• Researchers at Georgia State University think they may be very close to creating a 'universal' flu vaccine. Yahoo says the vaccine could be a game-changer and that during testing on mice, it proved to be effective against all the major Influenza-A viruses, the most severe kind. Right now, health officials make their best guess on what strains will be predominant in any given year, and base the flu shot on that. But if this new vaccine pans out, they might not have to guess anymore. And the future flu shot could be as much as 95-percent effective. Right now, it’s roughly 30-percent effective in most years. You can read more about the flu vaccine story here.
  • The best school district in Oklahoma is right here in Tulsa County. So says a company called Niche, according to the story by Business Insider. Niche researches and compiles information on all the nearly 100,000 grade school, middle school, and high schools in the U.S. And they say the Jenks district is the best in the state.  They look at four main categories, Academics, Health & Safety, Diversity, and Teachers. And Jenks got an A+ on the first two, and and A on the second two. You can find the full list of all the states here.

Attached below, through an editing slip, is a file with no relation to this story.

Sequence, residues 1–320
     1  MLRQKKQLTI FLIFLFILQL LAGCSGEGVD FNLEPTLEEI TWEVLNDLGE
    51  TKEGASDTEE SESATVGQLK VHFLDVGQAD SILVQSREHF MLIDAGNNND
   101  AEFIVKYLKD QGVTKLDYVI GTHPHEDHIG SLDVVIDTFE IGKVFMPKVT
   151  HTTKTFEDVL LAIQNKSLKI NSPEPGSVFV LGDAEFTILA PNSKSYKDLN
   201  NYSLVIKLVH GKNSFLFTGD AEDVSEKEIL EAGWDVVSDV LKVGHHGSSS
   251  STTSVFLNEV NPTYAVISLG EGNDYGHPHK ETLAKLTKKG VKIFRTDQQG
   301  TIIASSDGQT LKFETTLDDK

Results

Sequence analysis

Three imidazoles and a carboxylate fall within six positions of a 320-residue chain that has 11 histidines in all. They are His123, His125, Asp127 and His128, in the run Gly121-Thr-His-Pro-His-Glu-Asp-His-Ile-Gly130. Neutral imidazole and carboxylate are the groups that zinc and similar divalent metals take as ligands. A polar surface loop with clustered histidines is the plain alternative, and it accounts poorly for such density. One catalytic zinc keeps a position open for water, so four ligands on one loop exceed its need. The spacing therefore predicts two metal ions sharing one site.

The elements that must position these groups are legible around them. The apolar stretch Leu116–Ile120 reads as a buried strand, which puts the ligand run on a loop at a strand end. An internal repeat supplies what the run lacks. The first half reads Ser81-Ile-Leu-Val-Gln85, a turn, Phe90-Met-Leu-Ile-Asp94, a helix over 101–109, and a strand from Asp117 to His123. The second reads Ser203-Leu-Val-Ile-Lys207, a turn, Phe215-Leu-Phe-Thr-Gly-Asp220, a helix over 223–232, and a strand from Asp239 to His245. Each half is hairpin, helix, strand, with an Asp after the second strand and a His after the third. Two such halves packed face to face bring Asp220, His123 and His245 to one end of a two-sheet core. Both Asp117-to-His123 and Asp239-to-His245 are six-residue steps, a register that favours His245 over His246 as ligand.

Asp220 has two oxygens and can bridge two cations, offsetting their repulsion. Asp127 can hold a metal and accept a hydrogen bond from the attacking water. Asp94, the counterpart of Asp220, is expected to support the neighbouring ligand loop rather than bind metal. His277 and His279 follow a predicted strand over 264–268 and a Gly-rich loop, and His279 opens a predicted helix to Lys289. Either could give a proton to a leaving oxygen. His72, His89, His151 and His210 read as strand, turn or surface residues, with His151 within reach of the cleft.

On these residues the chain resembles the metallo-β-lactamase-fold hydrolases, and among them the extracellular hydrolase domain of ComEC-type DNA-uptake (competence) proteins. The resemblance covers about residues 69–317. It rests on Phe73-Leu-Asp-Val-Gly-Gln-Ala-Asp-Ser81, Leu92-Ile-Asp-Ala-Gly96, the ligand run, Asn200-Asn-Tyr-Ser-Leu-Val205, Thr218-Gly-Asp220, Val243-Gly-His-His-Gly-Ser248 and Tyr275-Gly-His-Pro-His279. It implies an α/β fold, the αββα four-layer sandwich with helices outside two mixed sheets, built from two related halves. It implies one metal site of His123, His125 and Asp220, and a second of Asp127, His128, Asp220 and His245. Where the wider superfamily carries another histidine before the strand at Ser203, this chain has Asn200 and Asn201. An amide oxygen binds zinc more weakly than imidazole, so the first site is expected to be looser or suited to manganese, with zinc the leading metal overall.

• Here's an interesting way to track migration trends: U-Haul trucks. Counting the number of people that are packing up a truck and moving their stuff OUT, or packing up a truck and moving their stuff IN, isn't a bad way to figure out how your state is doing. And U-Haul says we were the number 24 growth state, reflecting a very modest net gain for Oklahoma, with 50.1 percent of U-Haul trucks here arriving compared to leaving. But hey, every .1 percent counts. In terms of cities, Edmond, Broken Arrow, and Yukon did the best with arriving trucks in the state.